In malware research, threat hunting and sharing of threat intelligence, such as exchanging indicators of compromise (IoCs) in the form of hashes (e.g., MD5s, SHA256s), are common industry practices and helpful for information security professionals. Researchers, for instance, would typically search for malware samples on VirusTotal using hashes. However, hashes have some characteristics that could limit researchers trying to do file or threat correlation, such as the one-to-one relationship between a file and its hash. To overcome limitations, other hashing techniques, methodologies, and tools have been proposed, such as ssdeep, sdhash, imphash, and even our own Trend Micro Locality Sensitive Hashing (TLSH) — and they can indeed help researchers find and identify the similarities between binary files. These approaches use binary as a point of view.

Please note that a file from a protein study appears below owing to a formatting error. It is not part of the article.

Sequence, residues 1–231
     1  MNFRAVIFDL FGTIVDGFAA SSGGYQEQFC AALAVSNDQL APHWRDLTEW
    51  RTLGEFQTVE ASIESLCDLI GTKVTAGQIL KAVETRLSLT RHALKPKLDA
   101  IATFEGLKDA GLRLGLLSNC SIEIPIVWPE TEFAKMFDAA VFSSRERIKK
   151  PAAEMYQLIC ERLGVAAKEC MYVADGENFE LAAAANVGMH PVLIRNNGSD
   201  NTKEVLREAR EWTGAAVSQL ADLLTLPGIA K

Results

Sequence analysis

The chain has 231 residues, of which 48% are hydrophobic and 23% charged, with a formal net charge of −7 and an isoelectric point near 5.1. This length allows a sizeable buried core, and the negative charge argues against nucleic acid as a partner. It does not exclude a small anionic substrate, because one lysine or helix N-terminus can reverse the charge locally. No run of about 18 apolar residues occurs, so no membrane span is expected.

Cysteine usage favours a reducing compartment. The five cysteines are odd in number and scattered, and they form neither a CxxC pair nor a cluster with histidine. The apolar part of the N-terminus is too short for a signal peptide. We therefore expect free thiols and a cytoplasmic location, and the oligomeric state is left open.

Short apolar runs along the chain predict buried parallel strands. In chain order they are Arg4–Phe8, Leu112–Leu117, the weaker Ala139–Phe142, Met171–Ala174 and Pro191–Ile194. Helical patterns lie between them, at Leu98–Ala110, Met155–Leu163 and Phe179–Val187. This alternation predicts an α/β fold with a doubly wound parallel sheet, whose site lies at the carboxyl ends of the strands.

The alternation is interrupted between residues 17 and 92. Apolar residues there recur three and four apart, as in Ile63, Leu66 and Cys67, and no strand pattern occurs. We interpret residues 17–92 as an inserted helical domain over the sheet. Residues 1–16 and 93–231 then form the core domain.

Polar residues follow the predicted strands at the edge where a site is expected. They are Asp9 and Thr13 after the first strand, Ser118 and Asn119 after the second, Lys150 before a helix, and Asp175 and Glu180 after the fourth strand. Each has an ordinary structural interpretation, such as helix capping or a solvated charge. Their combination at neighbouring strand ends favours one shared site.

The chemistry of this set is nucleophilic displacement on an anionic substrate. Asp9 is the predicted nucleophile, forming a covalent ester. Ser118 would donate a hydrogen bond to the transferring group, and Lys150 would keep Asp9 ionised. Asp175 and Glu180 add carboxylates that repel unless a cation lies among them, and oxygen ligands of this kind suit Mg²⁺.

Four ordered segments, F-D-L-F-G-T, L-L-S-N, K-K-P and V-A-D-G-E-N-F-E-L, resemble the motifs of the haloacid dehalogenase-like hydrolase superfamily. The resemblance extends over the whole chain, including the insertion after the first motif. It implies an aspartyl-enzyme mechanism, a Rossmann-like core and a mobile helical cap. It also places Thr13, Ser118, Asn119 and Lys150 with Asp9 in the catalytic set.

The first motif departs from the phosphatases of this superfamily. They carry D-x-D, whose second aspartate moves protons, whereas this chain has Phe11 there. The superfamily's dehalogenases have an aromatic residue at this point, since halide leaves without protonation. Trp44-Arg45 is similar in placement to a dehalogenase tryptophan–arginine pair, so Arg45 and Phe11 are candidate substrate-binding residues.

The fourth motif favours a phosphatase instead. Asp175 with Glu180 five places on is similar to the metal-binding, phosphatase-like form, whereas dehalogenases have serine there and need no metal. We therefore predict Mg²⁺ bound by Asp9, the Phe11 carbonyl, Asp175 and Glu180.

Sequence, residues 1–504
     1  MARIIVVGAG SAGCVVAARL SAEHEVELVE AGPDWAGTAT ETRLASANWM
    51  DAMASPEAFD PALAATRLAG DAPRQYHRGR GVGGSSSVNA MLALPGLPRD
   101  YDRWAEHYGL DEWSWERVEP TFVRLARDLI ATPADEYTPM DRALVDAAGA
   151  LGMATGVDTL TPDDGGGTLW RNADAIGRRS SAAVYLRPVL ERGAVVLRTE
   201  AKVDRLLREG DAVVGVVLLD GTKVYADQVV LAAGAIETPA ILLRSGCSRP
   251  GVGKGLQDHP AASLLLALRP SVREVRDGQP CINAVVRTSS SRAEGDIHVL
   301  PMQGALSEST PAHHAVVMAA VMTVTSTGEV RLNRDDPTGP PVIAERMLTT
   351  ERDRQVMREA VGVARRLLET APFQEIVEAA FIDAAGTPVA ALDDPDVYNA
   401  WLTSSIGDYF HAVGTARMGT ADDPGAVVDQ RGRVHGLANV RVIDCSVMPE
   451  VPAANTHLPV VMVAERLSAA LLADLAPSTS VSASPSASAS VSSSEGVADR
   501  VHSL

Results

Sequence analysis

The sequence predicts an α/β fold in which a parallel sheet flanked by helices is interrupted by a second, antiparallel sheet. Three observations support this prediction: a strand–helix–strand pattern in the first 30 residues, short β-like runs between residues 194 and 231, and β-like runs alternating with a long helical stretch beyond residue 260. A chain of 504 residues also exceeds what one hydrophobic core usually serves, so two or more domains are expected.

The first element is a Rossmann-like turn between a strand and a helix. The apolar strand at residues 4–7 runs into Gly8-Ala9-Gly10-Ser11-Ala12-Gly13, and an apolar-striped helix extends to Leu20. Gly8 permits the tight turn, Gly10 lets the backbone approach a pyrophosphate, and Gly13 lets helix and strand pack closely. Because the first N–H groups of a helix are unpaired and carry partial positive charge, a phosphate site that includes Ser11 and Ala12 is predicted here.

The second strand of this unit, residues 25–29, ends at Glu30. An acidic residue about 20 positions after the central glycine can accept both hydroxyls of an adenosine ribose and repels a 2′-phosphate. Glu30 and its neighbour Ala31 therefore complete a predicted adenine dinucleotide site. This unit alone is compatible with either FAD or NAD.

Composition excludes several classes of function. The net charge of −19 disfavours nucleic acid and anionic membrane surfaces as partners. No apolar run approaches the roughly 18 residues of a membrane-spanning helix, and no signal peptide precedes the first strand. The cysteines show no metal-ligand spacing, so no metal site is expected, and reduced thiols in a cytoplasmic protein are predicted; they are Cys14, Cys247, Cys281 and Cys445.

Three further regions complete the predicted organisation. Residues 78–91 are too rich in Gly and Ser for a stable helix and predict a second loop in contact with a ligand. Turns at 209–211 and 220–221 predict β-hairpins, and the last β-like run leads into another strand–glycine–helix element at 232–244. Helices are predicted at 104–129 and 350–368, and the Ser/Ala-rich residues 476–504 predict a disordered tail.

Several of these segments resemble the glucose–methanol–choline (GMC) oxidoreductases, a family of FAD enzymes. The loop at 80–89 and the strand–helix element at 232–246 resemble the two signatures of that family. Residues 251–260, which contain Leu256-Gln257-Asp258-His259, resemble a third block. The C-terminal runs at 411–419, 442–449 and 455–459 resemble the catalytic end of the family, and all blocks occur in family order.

Our research, which we’ve named “Graph Hash,” builds on the advantages of these two approaches by calculating the hash of executable files using a graph view, which would help in classifying malware more consistently and efficiently. Our research aims to provide a viable approach to malware classification, which, in turn, can help in the sharing of actionable threat intelligence beyond simple checksums, such as MD5s and secure hash algorithm (SHA) families.Read More